alt=two versions of the same woman face each other with a toilet between them. The woman are in a standoff, looking distressed.

The IBS-C Standoff: The Ongoing Battle with Constipation

It is day 3 of my current standoff with IBS-C. For those of you who do not have IBS-C or IBS-M, that means it has been three days since I was able to go to the bathroom. I am negotiating a hostage situation at this point.

While 3 days may seem like a very long time to anyone who does not have these ailments, it is actually fairly common for many of us who do. The first 2 days are filled with dread, knowing how this will likely end. By day 3, you know there will be no good outcome.

The consequences of chronic constipation

You see, constipation ends in one of 2 ways. It can end naturally, and that generally results in a good bit of pain all on its own. Larger stools and straining can cause hemorrhoids and, occasionally, fissures. It is unlikely to end without pain.

Sometimes intervention is required. Most of the time this means taking some type of medication to relieve constipation. This does not always work. In some cases, it might require more than medication. IBS-C can result in a bowel obstruction or impaction, and odds are a typical laxative will not resolve the issue.

Playing the waiting game

Of course, waiting for constipation to resolve is a real pain. I mean that quite literally. Intense cramping is expected. There is often a feeling of intense pressure that adds to the misery. Throw bloating and gas into the mix and you have yourself a well-rounded bout of constipation. Welcome to the party.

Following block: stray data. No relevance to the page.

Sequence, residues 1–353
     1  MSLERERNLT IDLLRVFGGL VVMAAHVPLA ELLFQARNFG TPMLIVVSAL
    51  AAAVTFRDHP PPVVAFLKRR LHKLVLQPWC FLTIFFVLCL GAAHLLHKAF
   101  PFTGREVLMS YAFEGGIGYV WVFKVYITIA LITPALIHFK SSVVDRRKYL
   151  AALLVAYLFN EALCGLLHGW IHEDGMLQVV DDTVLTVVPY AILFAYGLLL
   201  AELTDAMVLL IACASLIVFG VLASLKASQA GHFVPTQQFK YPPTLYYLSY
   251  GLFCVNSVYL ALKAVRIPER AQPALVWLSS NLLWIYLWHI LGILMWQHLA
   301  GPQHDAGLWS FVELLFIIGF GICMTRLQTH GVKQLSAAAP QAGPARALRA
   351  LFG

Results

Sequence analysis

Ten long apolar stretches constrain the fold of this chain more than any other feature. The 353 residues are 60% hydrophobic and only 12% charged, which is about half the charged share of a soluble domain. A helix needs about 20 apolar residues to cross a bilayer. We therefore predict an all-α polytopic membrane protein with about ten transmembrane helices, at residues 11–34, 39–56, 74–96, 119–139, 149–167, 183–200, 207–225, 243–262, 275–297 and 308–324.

We still must eat, but eating adds to the misery. When parts of your digestive system already feel full, adding to its contents results in more pain. At some point, nausea will arrive. This makes it more difficult to eat. The party never stops.

Why I wait to intervene

Some of you are wondering why someone would wait until day three before taking something to relieve the problem. Some of you will be baffled at the fact that I still will not be taking anything to relieve the problem. Laxatives and stool softeners tend to cause me more pain and misery, and it is only a temporary solution. Sometimes the problem only becomes worse after I take something.

After many years of dealing with the back and forth of IBS-C and IBS-D, I have grown used to gauging how bad the situation is. I know when intervention is required. Day three is not it. Yes, it is extremely uncomfortable, but it is not at a point where action must be taken. I will give it another day before I act. Taking a laxative is a last resort. It will add to the pain, and the relief is only temporary. Constipation following it may be even worse.

IBS-M: To treat or not to treat?

Anyone who does not have IBS-M might wonder why I don’t simply take something on a daily basis to regulate the issue. Well, that causes more problems for me. I have bouts of both diarrhea and constipation. That means treatment of one will eventually lead to the other, and it will most assuredly be worse. It is impossible to regulate.

For someone who has IBS-M, life is a series of swings from one extreme to the other. There is no rhyme or reason to it. The only choice any of us has is to ride it out and hope for the best. That is true for all types of IBS. We are all suffering. We are all just trying to make it through each day without a major disaster.

As I drag myself through day 3, I hope you are not sharing my plight. I hope you are symptom-free. If you are in this same boat up a certain creek, you have my deepest sympathy. May we all find relief from whatever form of IBS we have.

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